Athlete Management Agreements

Common Pitfalls and Important Considerations for Athletes and Managers Alike

As professional sport continues to develop into one of the biggest industries globally, so too do the complexity and substance of professional sporting contracts. Whether they are general competition contracts or lucrative sponsorship agreements, long gone are the days when athletes were able to adequately protect their legal and financial interests without professional assistance. This complexity has led to the advent of the athlete-manager relationship.

Athlete-manager relationships are predominately governed by contractual agreements. As the payments to professional sportspeople continues to grow, so too does the litigation surrounding athlete management agreements. While many management agreements are unique, most litigation surrounding these agreements is confined to a number of common clauses.

Extent of Agency

Most management agreements create an express or implied appointment of the manager as the athlete’s agent. Management agreements will generally contemplate the extent of the agency granted to the manager in performing their obligations under the agreement.

The duties which the manager is permitted to undertake on behalf of the athlete are commonly limited to the negotiation and procurement of competition and sponsorship contracts. It is generally best practice, for both manager and athlete alike, to expressly reserve the athlete’s right to formally enter, or decline to enter, into competition and sponsorship contracts. This essentially means that the management agency will not be able to bind the athlete to any contractual obligation unless the athlete has explicitly accepted its terms.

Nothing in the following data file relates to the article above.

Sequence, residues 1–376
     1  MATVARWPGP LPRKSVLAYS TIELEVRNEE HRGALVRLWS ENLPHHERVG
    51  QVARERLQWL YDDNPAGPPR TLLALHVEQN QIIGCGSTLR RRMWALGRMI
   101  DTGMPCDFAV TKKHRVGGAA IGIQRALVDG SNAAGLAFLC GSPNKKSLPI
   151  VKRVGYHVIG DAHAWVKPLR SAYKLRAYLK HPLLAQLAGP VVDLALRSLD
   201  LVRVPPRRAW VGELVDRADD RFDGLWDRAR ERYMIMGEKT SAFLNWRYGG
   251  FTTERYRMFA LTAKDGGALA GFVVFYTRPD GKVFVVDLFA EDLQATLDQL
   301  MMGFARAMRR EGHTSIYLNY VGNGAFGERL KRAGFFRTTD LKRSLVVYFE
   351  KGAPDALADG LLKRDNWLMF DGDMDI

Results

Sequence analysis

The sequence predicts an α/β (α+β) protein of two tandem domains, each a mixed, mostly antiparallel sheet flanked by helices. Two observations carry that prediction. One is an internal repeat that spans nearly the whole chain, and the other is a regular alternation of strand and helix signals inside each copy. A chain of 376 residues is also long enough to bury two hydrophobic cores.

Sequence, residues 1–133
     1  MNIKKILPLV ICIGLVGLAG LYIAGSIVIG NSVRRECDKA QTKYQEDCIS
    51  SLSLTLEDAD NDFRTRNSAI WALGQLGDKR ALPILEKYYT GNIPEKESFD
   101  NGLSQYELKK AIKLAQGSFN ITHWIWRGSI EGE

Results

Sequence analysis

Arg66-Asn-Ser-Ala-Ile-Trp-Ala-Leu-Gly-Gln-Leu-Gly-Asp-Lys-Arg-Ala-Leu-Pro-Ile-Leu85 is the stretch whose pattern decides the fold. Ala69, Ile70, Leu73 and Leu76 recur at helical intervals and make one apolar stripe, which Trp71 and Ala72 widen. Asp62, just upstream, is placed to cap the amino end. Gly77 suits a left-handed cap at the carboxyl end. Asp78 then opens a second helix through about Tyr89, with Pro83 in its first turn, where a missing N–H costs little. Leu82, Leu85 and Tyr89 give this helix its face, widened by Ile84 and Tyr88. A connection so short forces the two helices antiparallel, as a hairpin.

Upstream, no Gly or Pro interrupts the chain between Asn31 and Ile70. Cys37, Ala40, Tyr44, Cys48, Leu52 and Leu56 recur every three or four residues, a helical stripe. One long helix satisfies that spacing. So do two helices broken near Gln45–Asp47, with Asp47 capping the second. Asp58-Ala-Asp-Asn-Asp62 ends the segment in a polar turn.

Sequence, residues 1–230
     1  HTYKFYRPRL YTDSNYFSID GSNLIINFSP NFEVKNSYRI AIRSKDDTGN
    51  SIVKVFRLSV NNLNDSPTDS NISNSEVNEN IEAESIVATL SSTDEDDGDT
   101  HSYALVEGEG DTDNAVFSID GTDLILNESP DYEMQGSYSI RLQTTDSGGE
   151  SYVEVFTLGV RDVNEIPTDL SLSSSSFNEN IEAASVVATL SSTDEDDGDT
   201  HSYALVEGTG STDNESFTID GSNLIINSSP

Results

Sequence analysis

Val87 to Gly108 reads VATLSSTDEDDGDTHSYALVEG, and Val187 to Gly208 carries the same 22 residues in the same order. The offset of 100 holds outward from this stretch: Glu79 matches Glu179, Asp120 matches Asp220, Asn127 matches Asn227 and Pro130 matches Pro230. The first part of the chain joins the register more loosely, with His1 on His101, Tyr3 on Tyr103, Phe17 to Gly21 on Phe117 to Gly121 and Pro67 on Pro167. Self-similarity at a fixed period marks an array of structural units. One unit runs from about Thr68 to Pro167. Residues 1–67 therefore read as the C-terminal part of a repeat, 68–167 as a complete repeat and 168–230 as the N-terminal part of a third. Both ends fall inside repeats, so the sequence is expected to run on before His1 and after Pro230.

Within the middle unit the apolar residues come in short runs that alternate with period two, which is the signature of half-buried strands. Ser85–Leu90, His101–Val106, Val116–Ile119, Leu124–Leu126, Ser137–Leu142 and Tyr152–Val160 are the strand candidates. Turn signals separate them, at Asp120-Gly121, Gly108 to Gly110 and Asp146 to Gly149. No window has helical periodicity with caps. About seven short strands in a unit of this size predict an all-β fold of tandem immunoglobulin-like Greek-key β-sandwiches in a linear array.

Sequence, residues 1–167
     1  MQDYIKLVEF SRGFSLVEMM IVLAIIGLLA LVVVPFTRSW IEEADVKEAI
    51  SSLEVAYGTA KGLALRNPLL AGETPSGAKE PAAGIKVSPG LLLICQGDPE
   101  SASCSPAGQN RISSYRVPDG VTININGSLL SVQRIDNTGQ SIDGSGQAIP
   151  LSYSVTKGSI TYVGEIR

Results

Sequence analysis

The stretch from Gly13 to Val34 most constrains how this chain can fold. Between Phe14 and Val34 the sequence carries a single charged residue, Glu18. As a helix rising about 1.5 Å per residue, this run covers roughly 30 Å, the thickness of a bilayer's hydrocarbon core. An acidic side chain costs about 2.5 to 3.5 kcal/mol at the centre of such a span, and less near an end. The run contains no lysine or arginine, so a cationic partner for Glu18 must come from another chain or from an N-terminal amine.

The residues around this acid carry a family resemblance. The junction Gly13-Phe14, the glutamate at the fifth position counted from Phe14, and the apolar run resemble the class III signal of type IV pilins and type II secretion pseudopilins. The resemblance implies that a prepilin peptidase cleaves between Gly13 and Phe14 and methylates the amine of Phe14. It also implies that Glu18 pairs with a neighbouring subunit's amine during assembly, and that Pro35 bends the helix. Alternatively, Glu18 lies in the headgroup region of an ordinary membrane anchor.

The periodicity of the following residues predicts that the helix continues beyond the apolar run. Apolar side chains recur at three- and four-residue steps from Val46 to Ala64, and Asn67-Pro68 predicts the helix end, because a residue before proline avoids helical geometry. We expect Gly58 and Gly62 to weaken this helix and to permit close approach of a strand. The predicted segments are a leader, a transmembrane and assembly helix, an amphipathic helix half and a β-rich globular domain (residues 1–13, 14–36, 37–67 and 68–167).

Term and Termination Rights

While more liberal management agreements provide a unilateral termination right, even in the absence of a breach of the agreement, some management agreements will specify a term and only allow for early termination of the agreement in the event of a breach. More restrictive management agreements will tie the term of the agreement into the predominant competition contract negotiated by the manager. This means that each competition contract that the manager procures, extends the term of the management agreement until the expiration of the competition contract. As it is rare for athletes to see out a competition contract without a new one being negotiated, management agreements with terms linked to competition contracts can present athletes with great difficulty should they wish to seek new representation.

With many athletes failing to seek adequate legal advice prior to executing a management agreement, it is a common scenario to see an athlete locked into restrictive contracts for long periods of time. It is of paramount importance that, when executing a management agreement, an athlete fully understands the term of the agreement and how executing further competition contracts may potentially extend its term.

Continuing Right to Remuneration Clauses

The overwhelming majority of management agreement disputes relate to the manager’s entitlement to remuneration under existing competition and sponsorship contracts upon the termination or expiration of a management agreement. This is because the majority of management agreements contain clauses providing that the manager is entitled to the agreed upon commission rates on contracts negotiated by them during the term of the management agreement, even if the management agreement itself is lawfully terminated prior to the completion of the negotiated contract.